Teach for America moves into Idaho

Caldwell, Nampa and Homedale school districts have agreed to work with Teach for America to fill open teaching positions.

A fourth Treasure Valley district has decided against working with the nonprofit, which recruits recent college graduates or young professionals from a wide variety of backgrounds to teach for at least two years. And critics have questioned TFA recruits’ credentials — since recruits do not typically study education in college or serve as student teachers, and go through TFA’s own teacher-prep program, a five-week summer training institute with additional time spent in regional orientations.

However, Homedale Superintendent Rob Sauer says his district entered into an agreement with TFA, since it needs all the help it can get finding candidates for hard-to-fill positions. Homedale has had teacher openings, usually in math and science, that have attracted just one candidate, and the district went a whole summer without a candidate for at least one open position.

“We struggle to find candidates so we are really looking at the recruiting aspect,” Sauer said. “Our board didn’t have any concerns about working with TFA because this gives us more candidates to find the right one.”

The Vallivue School District’s board did not enter a working relationship with TFA.

Tony Ashton, the managing director of Idaho’s Teach for America branch, discussed a working agreement with Vallivue Superintendent Pat Charlton and presented to the Vallivue trustees. TFA critics and the Vallivue teacher’s union argued against the idea.

“I have similar concerns that Durham Public Schools (North Carolina) school board members had in August 2014 when they chose to sever ties with TFA,” said Travis Manning, a Vallivue district teacher and the executive director of the Common Sense Democracy Foundation of Idaho. “Placing untrained teachers in high-needs schools — many Canyon County schools have high minority populations and are Title I schools; and TFA’s two-year commitment. Our schools need dedicated, long-term teachers willing to truly invest in our communities.”

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Charlton said he backed away from working with TFA because his district isn’t in desperate need for recruiting help yet but “we can see the day coming when that won’t be the case. I can see the pool dwindling with each passing year for candidates in math, science and special education.”

Caldwell, Nampa and Homedale entered non-binding agreements with TFA, which will provide candidates for teaching positions. TFA candidates would be interviewed like any other candidates and the district is not obligated to hire TFA recruits.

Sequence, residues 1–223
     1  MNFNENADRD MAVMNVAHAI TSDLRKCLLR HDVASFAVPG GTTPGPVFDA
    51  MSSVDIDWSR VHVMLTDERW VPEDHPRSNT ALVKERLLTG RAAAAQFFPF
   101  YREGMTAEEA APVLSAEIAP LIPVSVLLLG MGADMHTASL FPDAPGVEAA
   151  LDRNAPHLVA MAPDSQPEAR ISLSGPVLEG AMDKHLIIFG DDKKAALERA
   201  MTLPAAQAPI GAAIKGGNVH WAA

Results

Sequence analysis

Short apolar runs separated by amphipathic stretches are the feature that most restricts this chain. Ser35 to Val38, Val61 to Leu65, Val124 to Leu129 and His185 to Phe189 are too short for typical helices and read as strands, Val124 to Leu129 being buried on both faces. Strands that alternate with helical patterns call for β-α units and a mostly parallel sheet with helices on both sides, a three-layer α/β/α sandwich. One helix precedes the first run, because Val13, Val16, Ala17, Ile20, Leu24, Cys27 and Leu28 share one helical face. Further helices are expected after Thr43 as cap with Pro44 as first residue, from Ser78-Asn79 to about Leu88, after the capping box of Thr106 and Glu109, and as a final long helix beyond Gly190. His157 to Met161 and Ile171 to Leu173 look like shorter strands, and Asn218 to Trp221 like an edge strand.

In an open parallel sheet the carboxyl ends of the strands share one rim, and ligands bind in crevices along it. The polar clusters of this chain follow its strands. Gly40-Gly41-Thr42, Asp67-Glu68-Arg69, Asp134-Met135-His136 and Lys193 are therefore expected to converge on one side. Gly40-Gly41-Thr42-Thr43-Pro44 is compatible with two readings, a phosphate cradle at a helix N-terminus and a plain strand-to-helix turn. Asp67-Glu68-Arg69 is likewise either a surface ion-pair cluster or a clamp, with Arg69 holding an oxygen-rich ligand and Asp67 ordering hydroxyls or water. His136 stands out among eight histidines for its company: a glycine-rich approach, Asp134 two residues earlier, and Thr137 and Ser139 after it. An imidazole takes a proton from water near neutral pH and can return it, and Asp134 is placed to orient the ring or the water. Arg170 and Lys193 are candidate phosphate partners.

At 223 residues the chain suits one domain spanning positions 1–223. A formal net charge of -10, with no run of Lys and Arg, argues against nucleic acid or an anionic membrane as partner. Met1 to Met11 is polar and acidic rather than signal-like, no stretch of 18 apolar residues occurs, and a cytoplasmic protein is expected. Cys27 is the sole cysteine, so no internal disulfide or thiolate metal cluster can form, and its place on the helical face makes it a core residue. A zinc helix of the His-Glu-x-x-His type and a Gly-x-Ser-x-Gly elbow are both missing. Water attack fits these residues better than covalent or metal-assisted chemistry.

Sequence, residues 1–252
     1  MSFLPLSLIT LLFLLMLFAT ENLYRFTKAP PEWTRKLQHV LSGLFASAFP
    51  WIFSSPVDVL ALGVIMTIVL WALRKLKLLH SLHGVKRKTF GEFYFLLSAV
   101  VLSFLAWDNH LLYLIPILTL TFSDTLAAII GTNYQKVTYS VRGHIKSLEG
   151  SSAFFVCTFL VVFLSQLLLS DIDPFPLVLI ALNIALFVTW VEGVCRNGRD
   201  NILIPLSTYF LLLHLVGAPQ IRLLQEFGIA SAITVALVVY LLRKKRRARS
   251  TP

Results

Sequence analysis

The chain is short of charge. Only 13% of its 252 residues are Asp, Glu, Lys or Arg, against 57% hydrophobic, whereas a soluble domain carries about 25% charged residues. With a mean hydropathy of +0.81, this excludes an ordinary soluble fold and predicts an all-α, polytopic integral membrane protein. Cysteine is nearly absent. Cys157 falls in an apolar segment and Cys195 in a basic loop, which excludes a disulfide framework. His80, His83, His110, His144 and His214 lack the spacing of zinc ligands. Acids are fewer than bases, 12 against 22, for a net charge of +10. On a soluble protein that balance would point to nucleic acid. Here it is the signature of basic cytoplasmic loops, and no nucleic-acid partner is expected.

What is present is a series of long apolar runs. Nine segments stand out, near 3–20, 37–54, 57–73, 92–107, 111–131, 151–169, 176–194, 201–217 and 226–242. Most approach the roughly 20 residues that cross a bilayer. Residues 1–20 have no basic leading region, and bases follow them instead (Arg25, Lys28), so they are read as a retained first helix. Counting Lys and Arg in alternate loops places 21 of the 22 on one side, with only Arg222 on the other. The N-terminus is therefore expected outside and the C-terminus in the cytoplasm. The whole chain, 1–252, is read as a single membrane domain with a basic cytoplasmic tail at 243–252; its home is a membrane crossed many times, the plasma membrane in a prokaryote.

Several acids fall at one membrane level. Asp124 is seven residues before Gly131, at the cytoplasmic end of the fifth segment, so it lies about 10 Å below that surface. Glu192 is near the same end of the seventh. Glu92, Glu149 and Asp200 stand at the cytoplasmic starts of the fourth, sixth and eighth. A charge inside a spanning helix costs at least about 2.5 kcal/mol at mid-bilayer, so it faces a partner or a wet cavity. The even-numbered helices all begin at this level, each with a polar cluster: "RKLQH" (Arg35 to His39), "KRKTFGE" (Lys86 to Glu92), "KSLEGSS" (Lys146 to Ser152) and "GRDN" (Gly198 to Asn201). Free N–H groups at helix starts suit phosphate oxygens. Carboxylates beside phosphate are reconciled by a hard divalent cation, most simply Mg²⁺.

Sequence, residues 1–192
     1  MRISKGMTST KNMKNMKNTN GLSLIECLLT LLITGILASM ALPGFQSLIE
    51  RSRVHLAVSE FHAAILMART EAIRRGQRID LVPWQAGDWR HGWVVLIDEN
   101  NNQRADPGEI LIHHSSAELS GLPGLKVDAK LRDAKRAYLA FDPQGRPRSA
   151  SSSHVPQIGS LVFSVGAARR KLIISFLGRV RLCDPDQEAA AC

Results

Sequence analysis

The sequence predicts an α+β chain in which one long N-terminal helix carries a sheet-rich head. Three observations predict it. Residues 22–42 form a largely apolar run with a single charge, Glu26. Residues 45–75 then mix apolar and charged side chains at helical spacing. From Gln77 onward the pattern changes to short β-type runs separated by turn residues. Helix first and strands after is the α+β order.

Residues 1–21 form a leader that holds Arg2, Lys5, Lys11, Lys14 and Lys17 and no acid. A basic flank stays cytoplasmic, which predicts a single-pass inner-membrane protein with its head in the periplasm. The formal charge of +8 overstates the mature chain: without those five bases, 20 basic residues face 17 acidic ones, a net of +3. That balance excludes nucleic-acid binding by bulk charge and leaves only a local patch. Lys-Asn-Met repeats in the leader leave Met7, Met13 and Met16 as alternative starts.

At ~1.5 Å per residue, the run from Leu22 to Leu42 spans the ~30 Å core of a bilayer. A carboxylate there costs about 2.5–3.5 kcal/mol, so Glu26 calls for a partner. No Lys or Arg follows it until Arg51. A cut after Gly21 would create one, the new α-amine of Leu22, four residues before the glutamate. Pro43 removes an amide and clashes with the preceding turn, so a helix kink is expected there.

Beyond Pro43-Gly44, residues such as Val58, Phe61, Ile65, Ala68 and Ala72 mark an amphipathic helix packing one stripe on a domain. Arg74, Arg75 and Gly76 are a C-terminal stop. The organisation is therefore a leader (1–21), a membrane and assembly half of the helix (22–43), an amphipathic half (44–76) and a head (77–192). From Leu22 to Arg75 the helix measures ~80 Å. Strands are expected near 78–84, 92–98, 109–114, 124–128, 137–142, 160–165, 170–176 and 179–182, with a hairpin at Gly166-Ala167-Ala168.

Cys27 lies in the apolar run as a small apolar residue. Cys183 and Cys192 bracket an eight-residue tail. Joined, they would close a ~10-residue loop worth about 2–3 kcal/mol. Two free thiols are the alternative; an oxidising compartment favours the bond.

“It is our responsibility to recruit, train and support,” Ashton said. “It is the district that interviews and selects teachers.”

Under a TFA arrangement, school leaders share their hiring needs and the nonprofit goes on a nationwide search to find prospects who align with those needs. Once hired, TFA provides ongoing support for the brand new teachers.

TFA targets low-income communities or rural districts.

“Our mission is to directly serve high-needs schools,” Ashton said. “I’m excited about the great work that is happening in this state and I think we can be a partner and resource more than anything.”

TFA recruits are paid like any other teacher and hired like any other teacher. They commit to at least two years teaching in a public school. TFA seeks diversity. Its website claims that half of the 2014 corps identify as people of color; 47 percent come from a low-income background; 34 percent are the first in their family to attend college; and a third come to the corps from graduate school or with prior professional experience. About 11,000 U.S. teachers come from the TFA program.

The J.A. and Kathryn Albertson Foundation is funding and supporting TFA’s recent move into Idaho. Ashton hopes to have TFA teachers working in Idaho schools by the fall of 2015.

“We believe qualified teaching candidates from TFA can help fill the void and be an invaluable asset for students, schools and communities,” foundation Executive Director Roger Quarles wrote in his regular blog. “The program has been positively impacting schools for a quarter century and is one of the most studied teacher preparation programs in the nation.”

Disclaimer: Idaho Education News and Idaho’s Teach for America branch are both funded by the J.A. and Kathryn Albertson Foundation.

 

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